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It's peak asthma flare-up time in WNY – take these steps to prepare

A spike in asthma symptoms and flare-ups among children who have asthma started this week and is expected to continue through September, according to primary care doctors and a review of past claims data and public health records by Univera Healthcare.

“An increase in the number of children’s asthma-related medical visits, asthma attacks and hospitalizations occurs each year at this time as kids return to school from summer break,” said Dr. Richard Vienne, Univera Healthcare vice president and chief medical officer. “The September peak is caused, in part, by the increase in respiratory infections among kids who are exposed to more germs once they return to school.”

The fall pollen season also can trigger an asthma flare-up, said Dr. Steven Lana, managing partner with Delaware Pediatrics.

“First and foremost, it’s very important for all asthmatics to get a flu vaccine,” Lana said in an interview. “We started giving the seasonal flu vaccine already. The other very important variable is that children with known triggers should be on their controller medications at this time of the year.”

Parents also should consider sending an extra inhaler into school with their child, who can leave it with the school nurse in case of an asthma attack, Lana said.

Vienne said nearly 15 percent of Western New York children younger than age 18 have asthma, two percentage points higher than average for children upstate.

Univera’s review of upstate claims data from January 2014 to December 2016 reveals that children up to age 4 experience more asthma-related emergency room visits at this time of year (17.7 per 1,000) than children age 15 to age 17 (6.2 visits per 1,000).

Dr. Gale Burstein, Erie County commissioner of health, urged parents of children with asthma to anticipate this annual asthma flare-up spike.

“Now is the time for parents to ensure that children prescribed asthma controller medication are using it as directed and that asthma rescue medications are available at both home and school,” Burstein said in a news release. “Consult with your pediatrician to develop or update your child’s asthma action or management plan. Asthma action plans indicate a child’s daily treatment, including which medicines to take and when to take them. It also explains how to identify when asthma symptoms are severe enough to contact the child’s pediatrician or to take him/her to an urgent care or emergency department.”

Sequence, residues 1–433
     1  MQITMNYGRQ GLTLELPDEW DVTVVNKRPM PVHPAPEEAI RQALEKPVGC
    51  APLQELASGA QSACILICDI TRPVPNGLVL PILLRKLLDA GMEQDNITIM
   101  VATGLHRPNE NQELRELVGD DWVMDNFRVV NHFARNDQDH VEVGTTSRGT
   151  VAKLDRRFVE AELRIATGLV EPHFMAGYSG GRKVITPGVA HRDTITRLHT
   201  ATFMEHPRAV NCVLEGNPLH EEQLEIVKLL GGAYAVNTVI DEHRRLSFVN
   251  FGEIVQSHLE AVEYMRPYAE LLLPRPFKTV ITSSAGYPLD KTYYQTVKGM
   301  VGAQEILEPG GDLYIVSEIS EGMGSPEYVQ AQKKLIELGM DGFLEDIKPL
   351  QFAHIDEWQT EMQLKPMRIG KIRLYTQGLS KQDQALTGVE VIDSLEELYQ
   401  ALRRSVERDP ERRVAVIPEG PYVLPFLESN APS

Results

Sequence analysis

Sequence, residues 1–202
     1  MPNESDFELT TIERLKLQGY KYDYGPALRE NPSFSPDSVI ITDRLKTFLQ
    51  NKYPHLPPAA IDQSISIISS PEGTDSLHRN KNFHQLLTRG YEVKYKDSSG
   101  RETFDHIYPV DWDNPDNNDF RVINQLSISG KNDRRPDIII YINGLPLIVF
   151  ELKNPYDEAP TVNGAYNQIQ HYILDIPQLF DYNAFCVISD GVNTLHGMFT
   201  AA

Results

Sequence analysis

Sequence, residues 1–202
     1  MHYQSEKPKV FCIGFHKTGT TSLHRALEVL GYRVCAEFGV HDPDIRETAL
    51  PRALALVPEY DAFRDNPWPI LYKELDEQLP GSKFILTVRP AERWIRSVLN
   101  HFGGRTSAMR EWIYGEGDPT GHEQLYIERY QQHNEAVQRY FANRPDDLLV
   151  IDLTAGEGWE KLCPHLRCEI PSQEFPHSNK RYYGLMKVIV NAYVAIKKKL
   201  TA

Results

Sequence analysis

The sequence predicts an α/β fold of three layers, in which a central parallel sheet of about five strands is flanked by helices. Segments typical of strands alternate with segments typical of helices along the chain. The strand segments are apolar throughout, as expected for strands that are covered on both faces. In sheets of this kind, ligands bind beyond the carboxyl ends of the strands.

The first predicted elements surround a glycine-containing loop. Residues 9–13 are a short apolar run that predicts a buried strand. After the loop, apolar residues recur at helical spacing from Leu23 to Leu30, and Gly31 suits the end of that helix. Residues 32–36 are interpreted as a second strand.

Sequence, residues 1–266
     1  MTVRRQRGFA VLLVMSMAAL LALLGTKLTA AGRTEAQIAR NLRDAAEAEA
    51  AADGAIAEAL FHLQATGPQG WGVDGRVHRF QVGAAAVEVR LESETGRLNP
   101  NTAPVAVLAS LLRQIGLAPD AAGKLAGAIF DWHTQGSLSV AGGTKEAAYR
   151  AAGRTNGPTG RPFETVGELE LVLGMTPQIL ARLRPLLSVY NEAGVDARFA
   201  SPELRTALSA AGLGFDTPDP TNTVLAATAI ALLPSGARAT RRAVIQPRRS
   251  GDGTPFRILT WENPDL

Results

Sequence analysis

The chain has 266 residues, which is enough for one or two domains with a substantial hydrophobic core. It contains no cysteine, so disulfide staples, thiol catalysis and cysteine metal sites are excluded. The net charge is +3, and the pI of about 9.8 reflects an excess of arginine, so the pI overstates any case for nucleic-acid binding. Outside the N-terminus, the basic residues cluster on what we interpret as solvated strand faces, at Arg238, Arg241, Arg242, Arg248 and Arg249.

Burstein also noted that all adults and schools who care for a child with asthma should have a copy of the child’s asthma action plan and understand their responsibilities regarding the child’s care.

Asthma is one of the most common long-term diseases of children, according to the Centers for Disease Control and Prevention. It causes wheezing, breathlessness, chest tightness and coughing at night or early in the morning. If you have asthma, you have it all the time, but “asthma attacks” occur only when something bothers the lungs. During an attack, airways become swollen and inflamed. The muscles around the airways contract and the airways produce extra mucus, causing breathing (bronchial) tubes to narrow.

The American College of Allergy, Asthma and Immunology notes that some sufferers liken an asthma attack to a feeling of drowning, because the narrow air passages make it extremely difficult to breathe. Mild episodes may last only a few minutes; more severe episodes can last from hours to days, and become a life-threatening emergency.

Inhaler “rescue” medicines provide quick relief and open the airways for four to six hours after an attack, Lana said. Controller medicines don’t provide quick relief but target the inflammatory triggers responsible for the wheezing and other symptoms.

The common cold is one of the most frequent triggers for asthma attacks in very young children. Asthma triggers in late August and September also include the change from a relaxed, summer schedule to the structure of the school day and the impact it can have on medication schedules. In addition, spring, late summer and early fall are the peak times of year for molds and pollen, which can affect children living with asthma.


– Check regularly with your child’s doctor to make sure that any prescribed asthma medication is working and that you have medications and supplies for home and school. Request a physician’s note if your child will need medications at school.

– Make sure your child takes all asthma medications as directed.

– Alert school staff regarding your child’s asthma, including details about your child’s asthma triggers and signs of an asthma attack.

– Empower your child by teaching him/her about asthma, including how to notice triggers and warning signs.

– Reduce asthma triggers at home by washing bedding with hot water once a week and using allergy-proof covers on mattresses and pillows.

– Prevent the spread of germs by encouraging proper hand-washing by the entire family and making sure that every family member age 6 months and older receives a yearly flu shot.

Source: Univera Healthcare

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